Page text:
As an African-American female involved in computer science, Bethelehem consistently noticed the lack of diversity and opportunity provided to those from backgrounds similar to her own. She began volunteering as a coding teacher for the organization Empower and Excel, providing free lessons on elementary programming languages to people of all ages from underprivileged communities. This has been one of the most rewarding experiences for Bethelehem, as seeing the excitement on her students’ faces and being their mentor and supporter has been her way of providing a gateway to prosperity and happiness to those who’ve faced many adversities. She also was a student in Google’s Computer Science Summer Institute, won competitions as part of Facebook’s TechSummer Virtual Reality Program, been a part of Amazon’s Girls Who Code Program, as well as other technological ventures. She has funneled all of the knowledge she has gained from these experiences to provide advice and mentorship to others hoping to pursue a career in technology.

As Head Editor of the Dry Gulch Gazette, her high school’s student-run newspaper, Bethelehem has used her role to bring awareness to important issues in her community. Of the various articles she has written, her favorite is one detailing the discrimination and loneliness African-Americans experience in the classrooms in her community. It is a topic close to her heart, as she was often the only African-American in the classes she attended, and the article was met with overwhelming praise when published. During her time as part of the newspaper’s staff, Bethelehem has also been a part of creating articles regarding LGBTQ+ rights, DACA, mental health, and more.

Bethelehem thoroughly enjoyed competing in business competitions around the nation as president of her school’s Distributive Education Clubs of America (DECA) chapter, being politically active in her community through rallies and marches, interning for organizations like Operation HOPE, and spending quality time with her family and friends. Bethelehem will now be attending Stanford University and be finding more ways to intersect the wonders of computer science and business through entrepreneurship, internships, and more. In the future, Bethelehem will continue to strive to be the change needed in her community and live her life by the Ron Brown philosophy.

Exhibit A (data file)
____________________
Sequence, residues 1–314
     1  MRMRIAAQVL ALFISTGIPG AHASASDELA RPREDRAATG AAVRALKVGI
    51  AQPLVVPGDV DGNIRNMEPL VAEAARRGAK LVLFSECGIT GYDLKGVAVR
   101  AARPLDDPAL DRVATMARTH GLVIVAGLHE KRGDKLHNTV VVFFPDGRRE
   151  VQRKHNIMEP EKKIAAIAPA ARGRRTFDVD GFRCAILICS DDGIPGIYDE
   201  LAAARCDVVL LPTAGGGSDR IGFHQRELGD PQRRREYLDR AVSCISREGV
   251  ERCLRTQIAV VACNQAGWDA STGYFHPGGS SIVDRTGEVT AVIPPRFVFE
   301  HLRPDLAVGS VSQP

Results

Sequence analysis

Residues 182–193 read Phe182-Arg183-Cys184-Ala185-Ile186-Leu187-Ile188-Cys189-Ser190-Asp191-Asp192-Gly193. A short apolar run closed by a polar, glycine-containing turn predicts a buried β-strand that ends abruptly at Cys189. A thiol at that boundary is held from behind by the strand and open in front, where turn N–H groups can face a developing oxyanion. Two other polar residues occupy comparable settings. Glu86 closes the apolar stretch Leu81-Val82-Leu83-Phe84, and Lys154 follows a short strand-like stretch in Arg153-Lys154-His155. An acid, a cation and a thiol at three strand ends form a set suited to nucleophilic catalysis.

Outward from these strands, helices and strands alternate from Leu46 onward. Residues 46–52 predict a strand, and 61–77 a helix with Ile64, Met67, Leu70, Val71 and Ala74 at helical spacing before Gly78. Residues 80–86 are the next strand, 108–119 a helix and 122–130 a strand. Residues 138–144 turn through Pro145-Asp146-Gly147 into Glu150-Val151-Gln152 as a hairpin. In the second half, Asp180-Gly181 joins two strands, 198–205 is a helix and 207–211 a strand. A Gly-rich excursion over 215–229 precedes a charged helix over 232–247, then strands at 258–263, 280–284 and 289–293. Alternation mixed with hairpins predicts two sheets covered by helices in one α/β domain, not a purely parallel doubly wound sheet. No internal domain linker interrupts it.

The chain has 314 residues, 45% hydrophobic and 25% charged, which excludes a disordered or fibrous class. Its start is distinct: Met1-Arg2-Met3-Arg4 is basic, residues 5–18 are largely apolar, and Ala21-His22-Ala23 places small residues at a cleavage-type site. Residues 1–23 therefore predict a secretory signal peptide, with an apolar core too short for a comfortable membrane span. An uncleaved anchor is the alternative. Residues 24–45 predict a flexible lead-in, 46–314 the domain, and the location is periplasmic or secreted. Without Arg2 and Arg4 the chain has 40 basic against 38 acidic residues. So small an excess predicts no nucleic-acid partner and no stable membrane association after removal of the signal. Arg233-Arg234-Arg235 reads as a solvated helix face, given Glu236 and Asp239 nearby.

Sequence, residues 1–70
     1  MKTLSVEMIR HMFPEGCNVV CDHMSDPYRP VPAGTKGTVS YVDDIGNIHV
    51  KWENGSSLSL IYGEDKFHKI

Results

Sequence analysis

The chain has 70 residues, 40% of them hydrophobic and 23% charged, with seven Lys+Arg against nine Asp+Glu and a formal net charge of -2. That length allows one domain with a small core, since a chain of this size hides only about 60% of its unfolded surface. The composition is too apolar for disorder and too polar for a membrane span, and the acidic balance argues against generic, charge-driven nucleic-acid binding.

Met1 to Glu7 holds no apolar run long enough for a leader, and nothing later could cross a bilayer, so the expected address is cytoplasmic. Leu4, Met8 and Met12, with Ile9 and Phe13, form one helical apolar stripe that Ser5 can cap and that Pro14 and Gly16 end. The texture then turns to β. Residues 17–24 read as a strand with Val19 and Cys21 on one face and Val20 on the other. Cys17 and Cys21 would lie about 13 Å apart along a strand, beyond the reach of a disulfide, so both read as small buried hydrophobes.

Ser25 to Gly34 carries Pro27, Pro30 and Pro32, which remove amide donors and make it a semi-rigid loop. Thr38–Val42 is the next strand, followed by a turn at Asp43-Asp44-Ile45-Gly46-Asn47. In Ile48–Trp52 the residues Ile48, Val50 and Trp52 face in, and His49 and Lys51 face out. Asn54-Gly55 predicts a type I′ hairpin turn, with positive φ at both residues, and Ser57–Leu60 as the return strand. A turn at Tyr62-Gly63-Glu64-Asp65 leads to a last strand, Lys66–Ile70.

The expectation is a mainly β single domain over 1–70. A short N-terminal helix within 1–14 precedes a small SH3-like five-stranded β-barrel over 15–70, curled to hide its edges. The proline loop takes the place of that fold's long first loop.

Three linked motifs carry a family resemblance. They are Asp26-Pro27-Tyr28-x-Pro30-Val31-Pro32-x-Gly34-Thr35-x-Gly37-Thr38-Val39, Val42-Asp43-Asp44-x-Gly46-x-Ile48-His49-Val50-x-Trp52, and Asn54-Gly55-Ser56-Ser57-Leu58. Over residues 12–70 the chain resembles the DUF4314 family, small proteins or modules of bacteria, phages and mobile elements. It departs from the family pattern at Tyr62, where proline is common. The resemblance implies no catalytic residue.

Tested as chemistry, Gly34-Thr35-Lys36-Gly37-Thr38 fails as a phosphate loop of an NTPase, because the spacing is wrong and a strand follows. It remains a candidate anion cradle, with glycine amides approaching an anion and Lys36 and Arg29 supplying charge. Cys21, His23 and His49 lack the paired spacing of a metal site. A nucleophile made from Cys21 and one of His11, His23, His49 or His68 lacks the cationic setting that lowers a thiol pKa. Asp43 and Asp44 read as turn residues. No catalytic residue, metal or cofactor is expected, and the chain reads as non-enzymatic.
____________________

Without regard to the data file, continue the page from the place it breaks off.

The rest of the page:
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Chase Swinton

Chase Swinton

Hometown: Sherwood , AR

high school: Sylvan Hills HS

college: Stanford University

MAJOR: Neuroscience

At a young age, Chase learned the value of diligence from her parents who instilled within her the principles of resilience, leadership, and self-confidence. To this day, Chase still strives to model her life to fit these ideals. 

One of Chase’s long time passions is soccer. However, it was soccer that taught her about the lack of African-American representation. Rarely did she see players with puffs, braids, or twists. Nevertheless, wanting to delve further into her love of soccer, she tested for her U.S. Soccer Federation referee license; she has held this license since the age of twelve. Chase made the varsity soccer team as a freshman in high school, earning All-Conference honors. The rest of her high school soccer career she suffered multiple injuries ultimately resulting in a torn ACL. You can now find her on the soccer field as an assistant coach and manager, promoting a culture of understanding and inclusion for all young ladies.

Chase is involved in her community extensively. For her work, she has been awarded the President’s Volunteer Service Award and the George Eastman Young Leaders Award. She takes most pride in presiding as the vice president of her city’s Mayor’s Youth Council and founding her high school’s Interact Club. Furthermore, as a Hugh O’Brian Youth Leadership and Rotary Youth Leadership Award Ambassador, she is well-versed in the significance of not only community service but of international service as well. In college, Chase plans to join service organizations that focus on racial and socioeconomic disparities as well as healthcare. She wants to pursue a major in public policy. Chase had the firsthand opportunity to experience public policy at work as an Arkansas Girls’ State Congressional Representative. Chase yearns to take the tools she’s learned through her service and combine them with her undergraduate studies to continue tackling issues she finds in her Arkansan community.